Packers wide receiver Randall Cobb returns to practice after 'scary' concussion in Chicago

Jim Owczarski
Packers News
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Green Bay Packers wide receiver Randall Cobb (18) during practice September 13, 2018 at Clarke Hinkle Field in Ashwaubenon, WIs.

GREEN BAY – Randall Cobb returned to practice Thursday, the first time he had seen the field since suffering a concussion against Chicago on Dec. 16. The 28-year-old receiver said it was one of the scarier injuries he has suffered in his eight-year career because there was a period of time he had no memory of after being hit by Bears safety Eddie Jackson following a 16-yard completion.

Cobb stayed on the field after that big hit from Jackson with four minutes remaining in the Packers’ 24-17 loss to the Bears, but he said he didn’t remember the next three plays or that the drive ended with an interception. He found that out on the team bus leaving Soldier Field.

“I don’t remember anything until I got back to the locker room, so there’s like a 10-minute span where I had amnesia,” Cobb said. “Yeah, it’s pretty scary. Have you ever had a time period where you just don’t remember anything? It’s pretty scary.”

But Cobb was undeterred in terms of returning to finish out this season. The concussion is not something he will dwell on should he suit up Sunday against Detroit.

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“I’ve had a punctured lung. I’ve had a broken leg. I came back and played and not thought about those things,” he said. “I would consider this to be another thing that whenever I take the field, I’m worried about that moment. I’m not worried about what’s happened in the past. Which is hard to do. That’s why we’re the men in the arena. That’s one of my favorite quotes; LeBron (James) always talks about that quote a lot. There’s a reason we do what we do and other people don’t, because we’re able to overcome those thoughts.”

His status for the Lions game remains up in the air as he practiced on a limited basis, but he does hope to play.

“I’m practicing to play football,” he said. “So, obviously, it’s definitely scary but I do love what I do and I’m going to play until I don’t feel like I can play anymore.”

Cobb will become an unrestricted free agent this spring, but he feels that despite suffering a severe hamstring injury that forced him to miss six games and then the concussion, he has plenty left to offer either the Packers or another team.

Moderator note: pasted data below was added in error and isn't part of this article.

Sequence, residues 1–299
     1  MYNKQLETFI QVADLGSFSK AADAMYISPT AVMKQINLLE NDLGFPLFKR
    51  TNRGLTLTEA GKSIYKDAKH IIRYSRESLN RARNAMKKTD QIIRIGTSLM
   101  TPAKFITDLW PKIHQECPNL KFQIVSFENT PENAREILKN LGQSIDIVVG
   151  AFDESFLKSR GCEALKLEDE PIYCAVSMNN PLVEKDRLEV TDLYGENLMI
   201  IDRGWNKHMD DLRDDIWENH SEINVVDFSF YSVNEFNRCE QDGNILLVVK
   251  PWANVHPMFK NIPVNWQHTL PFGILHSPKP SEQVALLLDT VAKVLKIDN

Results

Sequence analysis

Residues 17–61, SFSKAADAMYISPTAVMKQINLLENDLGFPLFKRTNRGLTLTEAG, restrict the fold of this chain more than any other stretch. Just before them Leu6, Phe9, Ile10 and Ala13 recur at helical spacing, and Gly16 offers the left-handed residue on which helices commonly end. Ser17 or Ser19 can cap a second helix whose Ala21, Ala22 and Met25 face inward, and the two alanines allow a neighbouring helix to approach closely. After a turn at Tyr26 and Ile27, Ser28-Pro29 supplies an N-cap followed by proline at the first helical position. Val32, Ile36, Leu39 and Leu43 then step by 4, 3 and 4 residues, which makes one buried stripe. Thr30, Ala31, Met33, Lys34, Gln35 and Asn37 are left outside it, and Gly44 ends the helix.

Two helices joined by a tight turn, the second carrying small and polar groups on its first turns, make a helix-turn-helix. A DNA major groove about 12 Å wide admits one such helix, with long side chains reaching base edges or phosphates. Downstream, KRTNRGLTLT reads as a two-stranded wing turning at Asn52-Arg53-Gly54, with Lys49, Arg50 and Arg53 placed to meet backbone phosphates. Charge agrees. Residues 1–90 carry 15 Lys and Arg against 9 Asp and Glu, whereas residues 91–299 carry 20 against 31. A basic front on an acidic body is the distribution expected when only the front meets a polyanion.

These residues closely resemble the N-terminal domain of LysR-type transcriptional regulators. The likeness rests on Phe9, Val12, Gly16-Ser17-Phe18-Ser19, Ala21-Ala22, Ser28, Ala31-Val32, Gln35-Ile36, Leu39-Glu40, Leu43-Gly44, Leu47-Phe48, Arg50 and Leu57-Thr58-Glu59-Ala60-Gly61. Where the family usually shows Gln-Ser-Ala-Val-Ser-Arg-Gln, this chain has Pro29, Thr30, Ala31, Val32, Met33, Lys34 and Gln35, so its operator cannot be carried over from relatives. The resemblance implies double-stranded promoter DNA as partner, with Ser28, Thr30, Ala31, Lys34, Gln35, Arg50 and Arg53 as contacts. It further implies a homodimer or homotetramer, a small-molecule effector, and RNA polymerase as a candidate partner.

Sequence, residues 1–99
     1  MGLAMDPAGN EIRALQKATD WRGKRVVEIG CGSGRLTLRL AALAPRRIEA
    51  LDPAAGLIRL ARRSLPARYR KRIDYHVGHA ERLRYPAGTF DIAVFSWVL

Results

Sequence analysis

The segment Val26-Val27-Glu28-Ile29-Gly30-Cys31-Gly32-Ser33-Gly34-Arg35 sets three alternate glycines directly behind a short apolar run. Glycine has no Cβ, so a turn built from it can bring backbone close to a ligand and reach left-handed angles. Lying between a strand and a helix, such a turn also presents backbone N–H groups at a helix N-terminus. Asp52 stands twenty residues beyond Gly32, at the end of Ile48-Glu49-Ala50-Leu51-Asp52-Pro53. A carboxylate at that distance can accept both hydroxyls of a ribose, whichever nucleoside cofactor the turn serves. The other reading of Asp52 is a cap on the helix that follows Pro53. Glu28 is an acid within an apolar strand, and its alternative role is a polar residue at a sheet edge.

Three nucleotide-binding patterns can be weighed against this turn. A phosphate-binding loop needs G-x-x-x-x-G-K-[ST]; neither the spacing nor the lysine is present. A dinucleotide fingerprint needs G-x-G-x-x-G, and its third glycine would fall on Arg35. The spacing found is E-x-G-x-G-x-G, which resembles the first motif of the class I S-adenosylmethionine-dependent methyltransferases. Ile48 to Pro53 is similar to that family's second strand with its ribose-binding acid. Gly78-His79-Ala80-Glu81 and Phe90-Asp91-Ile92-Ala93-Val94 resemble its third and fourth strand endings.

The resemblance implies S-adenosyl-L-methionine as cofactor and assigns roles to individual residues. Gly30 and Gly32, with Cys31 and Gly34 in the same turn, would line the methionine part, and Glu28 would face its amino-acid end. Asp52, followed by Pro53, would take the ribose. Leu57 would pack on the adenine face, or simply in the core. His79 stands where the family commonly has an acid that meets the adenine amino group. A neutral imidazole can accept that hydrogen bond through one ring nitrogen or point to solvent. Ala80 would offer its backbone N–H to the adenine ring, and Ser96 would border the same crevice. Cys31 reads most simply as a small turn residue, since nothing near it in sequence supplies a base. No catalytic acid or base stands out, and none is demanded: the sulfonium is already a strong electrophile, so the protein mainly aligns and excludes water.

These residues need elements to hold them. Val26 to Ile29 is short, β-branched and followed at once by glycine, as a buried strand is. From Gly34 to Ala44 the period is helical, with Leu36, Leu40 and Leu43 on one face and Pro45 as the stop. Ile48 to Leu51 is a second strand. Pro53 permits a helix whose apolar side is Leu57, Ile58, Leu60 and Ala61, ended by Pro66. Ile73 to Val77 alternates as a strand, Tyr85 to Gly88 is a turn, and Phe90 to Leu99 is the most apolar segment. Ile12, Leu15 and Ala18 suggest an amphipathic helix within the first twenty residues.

“I feel like I can still play,” he said. “I watch film of when I have played and been healthy and seen myself move, I feel like I can play. Obviously, I’ve had a few injuries here and there. It’s unfortunate but that’s the reality of it. It’s a bigger scope than me when you talk about this locker room, this organization, this league. It’s moves that are made for different reasons and that’s beyond me. I’ve got to control the part that I can.”

The last time Cobb was in a contract year, he caught 91 passes for 1,287 yards and 12 touchdowns in a Pro Bowl season in 2014. Now, he’s finishing out the four-year, $40 million deal he signed following that big year.

This season looked like it might follow that same path, as he caught nine passes for 142 yards and a touchdown in the season opener. But due to the injuries and overall offensive inconsistencies when he has been on the field, Cobb has just 37 catches for 356 yards and two scores to date.

Those would be his lowest totals since his last injury-shortened season in 2013.

“I never try to duplicate anything,” he said. “I’ve always tried to be the best me that I can be. Every year is different. Have different challenges, different adversity that you go through. Yeah, definitely this year felt like a storm. It felt like i just couldn’t catch a break. But, that’s part of life. I’ve had storms like this before in my past, from my childhood to high school to college. I’m not just talking about sports, I’m talking about life. And I’ve always found a way out of it. Whether that be with the game of football or whatever, I’m going to attack every day the same way to try to become the best me that I can be.”

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